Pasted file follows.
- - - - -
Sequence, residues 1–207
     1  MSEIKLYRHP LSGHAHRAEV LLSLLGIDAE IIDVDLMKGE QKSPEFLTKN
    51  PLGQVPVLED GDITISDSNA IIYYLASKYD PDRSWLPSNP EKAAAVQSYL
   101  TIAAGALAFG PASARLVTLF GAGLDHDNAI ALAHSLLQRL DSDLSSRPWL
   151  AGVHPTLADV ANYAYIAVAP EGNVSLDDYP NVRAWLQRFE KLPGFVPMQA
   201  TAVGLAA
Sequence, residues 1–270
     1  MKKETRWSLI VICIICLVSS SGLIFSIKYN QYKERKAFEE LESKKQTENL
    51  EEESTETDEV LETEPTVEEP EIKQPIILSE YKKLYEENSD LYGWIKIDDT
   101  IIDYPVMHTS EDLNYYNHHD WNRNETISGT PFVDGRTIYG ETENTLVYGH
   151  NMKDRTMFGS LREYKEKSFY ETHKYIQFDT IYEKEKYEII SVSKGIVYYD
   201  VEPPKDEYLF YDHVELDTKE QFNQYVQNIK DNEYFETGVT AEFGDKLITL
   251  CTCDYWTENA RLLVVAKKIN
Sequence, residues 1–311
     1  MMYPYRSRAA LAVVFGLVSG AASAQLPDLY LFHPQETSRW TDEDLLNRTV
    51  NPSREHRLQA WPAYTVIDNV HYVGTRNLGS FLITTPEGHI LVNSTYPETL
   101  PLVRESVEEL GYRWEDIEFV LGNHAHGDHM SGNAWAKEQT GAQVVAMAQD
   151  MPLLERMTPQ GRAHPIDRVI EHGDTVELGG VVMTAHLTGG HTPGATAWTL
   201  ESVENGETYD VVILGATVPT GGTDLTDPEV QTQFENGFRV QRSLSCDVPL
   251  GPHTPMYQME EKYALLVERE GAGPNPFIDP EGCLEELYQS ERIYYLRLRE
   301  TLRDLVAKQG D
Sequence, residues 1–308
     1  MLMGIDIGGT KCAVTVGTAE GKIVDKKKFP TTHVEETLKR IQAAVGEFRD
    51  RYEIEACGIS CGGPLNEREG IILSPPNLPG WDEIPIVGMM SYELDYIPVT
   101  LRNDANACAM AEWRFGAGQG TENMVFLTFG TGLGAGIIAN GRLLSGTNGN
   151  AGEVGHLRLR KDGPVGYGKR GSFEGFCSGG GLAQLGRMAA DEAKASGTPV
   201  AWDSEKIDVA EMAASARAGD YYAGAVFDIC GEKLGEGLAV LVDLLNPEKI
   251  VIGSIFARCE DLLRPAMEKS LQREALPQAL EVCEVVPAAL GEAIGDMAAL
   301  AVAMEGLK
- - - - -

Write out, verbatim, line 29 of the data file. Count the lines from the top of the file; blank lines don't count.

   301  AVAMEGLK